Combat in Kung Fu Chaos makes up the majority of the gameplay, and while it isn’t as deep as a fighting game, it is just as frantic and fun. To perform and normal attack you press the X button, and to perform a faster but weaker attack you press the Y button. These can be pressed in different orders to perform different combos, which are useful in landing hits on an enemy while making them powerless to hit back. The B button is listed as trip / pick up / throw, but "trip" should be replaced with "grab," to be more accurate. When next to an opponent, pressing B will perform a grab or throw on them. If the enemy is on the ground dazed, or there is an object at your feet, press B to pick it up and B again the throw. The A button makes your character jump, the left trigger taunts, the right trigger blocks, and both triggers pulled at once engage your super attack, if available. If the A and B or Y and B buttons are pressed while standing still, your character will perform a 360-degree spin attack, but if those buttons are pressed while moving, a running/sliding attack will be executed. The blocking system is simplistic in that you hold the button to block most attacks, and watch out for the attacks that can break right through blocks. The heavy attack is performed by pressing X and A at the same time and breaks right through blocks and deals heavy damage, but unfortunately, it takes a while to wind up. When you do a powerful combo or grab an enemy and immediately hold the left trigger to taunt them, your character will spew out expletive signs, and if successful, you will gain a spark above your character. Once you get three sparks, your character glows with a red energy, and a special attack can be performed. While special attacks can vary from character to character, they cannot be blocked, can instantly kill, and if used skillfully, can clear entire groups of enemies. If an enemy has some sparks that you want to take away, you can successfully taunt them, and the spark will go to you.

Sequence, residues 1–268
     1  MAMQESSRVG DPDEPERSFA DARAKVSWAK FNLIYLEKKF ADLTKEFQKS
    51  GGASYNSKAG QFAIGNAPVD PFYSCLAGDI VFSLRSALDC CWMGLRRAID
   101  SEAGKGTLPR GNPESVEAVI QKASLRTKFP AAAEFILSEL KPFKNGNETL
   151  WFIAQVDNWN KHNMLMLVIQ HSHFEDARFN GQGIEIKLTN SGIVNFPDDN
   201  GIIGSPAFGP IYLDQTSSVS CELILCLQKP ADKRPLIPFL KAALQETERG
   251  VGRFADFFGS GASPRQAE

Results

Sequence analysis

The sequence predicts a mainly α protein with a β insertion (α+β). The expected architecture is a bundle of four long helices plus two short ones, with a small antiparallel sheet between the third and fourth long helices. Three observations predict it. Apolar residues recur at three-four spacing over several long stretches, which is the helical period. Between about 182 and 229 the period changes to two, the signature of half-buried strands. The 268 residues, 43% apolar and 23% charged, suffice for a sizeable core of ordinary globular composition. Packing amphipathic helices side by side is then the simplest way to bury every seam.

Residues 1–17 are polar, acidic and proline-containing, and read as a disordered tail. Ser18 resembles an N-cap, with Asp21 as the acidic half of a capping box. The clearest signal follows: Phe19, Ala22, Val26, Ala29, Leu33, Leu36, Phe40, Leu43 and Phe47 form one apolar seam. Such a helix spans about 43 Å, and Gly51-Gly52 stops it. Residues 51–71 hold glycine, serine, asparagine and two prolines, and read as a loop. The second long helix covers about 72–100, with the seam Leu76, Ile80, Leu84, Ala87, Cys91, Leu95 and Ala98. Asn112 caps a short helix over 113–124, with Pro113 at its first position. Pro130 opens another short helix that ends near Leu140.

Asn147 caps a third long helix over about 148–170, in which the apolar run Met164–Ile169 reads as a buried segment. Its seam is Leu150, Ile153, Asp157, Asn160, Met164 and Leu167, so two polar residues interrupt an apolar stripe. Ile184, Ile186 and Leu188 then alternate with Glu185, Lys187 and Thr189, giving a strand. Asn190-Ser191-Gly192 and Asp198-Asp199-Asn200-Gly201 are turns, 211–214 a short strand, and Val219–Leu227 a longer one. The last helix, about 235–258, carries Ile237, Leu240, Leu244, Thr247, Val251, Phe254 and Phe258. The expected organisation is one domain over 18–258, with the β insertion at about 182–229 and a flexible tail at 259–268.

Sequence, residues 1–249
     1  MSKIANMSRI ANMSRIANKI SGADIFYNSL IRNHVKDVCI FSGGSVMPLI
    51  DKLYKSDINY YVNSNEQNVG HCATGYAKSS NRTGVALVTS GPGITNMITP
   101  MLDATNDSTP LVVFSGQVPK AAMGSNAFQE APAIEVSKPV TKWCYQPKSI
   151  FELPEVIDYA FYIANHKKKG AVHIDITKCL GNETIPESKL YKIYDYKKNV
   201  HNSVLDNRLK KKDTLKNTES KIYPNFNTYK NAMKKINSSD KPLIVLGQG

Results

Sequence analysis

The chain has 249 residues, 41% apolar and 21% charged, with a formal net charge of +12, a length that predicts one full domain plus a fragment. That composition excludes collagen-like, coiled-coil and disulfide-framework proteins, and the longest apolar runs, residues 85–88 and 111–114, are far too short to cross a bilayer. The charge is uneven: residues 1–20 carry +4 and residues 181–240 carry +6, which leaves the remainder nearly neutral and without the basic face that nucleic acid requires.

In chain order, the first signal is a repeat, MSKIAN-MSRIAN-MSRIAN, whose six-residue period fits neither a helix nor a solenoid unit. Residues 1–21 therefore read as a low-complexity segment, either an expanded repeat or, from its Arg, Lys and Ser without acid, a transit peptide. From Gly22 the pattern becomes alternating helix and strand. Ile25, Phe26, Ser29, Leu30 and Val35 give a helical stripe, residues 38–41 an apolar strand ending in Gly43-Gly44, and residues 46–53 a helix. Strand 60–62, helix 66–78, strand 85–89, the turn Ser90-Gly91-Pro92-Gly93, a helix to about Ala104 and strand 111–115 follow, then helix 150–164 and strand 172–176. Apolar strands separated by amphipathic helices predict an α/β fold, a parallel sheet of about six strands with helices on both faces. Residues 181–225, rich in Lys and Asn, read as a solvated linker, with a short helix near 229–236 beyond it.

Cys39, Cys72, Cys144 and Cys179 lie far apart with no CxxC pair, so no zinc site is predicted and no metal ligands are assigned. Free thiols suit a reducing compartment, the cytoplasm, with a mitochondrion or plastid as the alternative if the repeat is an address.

The single player mode of Kung Fu Chaos casts the player in the starring role, working through every stage of the game and finishing every scene, right up to Shao Ting’s Big End. In the single player, it’s the player vs. hordes of ninjas of differing types. The basic ninjas can be easily beat up, spinning ninjas cannot be blocked, and you have to avoid them until they make themselves dizzy, and the legendary white ninjas can easily beat YOU up if you aren’t careful and skilled. Playing through the single player levels and successfully completing them under certain conditions will unlock various bonuses like character costumes, levels, and cast bios. The notable thing about the single player mode is the bar at the bottom of the screen that shows what quality the current scene is. Simply killing enemies raises the bar slightly, but taunting, throwing, and using your special move raises it much quicker. The bar has 5 marked points represented by stars, and in order to progress to the next level, at least 3 stars must be gained. Ultimately, to beat the single player mode, you must get 4 stars in every level to unlock the final levels, and if you get 5 stars in every level, you unlock nearly everything. However, at first, 3 stars can be challenging and even veteran players can have a good deal of difficulty when going after 5 stars on every level.